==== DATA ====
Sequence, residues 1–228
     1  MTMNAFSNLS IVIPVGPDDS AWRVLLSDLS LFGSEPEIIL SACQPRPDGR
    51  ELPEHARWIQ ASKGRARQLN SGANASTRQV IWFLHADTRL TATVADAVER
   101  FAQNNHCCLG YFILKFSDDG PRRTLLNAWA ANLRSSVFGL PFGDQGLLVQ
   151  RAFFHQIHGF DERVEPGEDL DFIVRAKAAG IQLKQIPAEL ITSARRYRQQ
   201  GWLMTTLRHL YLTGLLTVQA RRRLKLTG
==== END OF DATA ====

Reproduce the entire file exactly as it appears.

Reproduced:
Sequence, residues 1–228
     1  MTMNAFSNLS IVIPVGPDDS AWRVLLSDLS LFGSEPEIIL SACQPRPDGR
    51  ELPEHARWIQ ASKGRARQLN SGANASTRQV IWFLHADTRL TATVADAVER
   101  FAQNNHCCLG YFILKFSDDG PRRTLLNAWA ANLRSSVFGL PFGDQGLLVQ
   151  RAFFHQIHGF DERVEPGEDL DFIVRAKAAG IQLKQIPAEL ITSARRYRQQ
   201  GWLMTTLRHL YLTGLLTVQA RRRLKLTG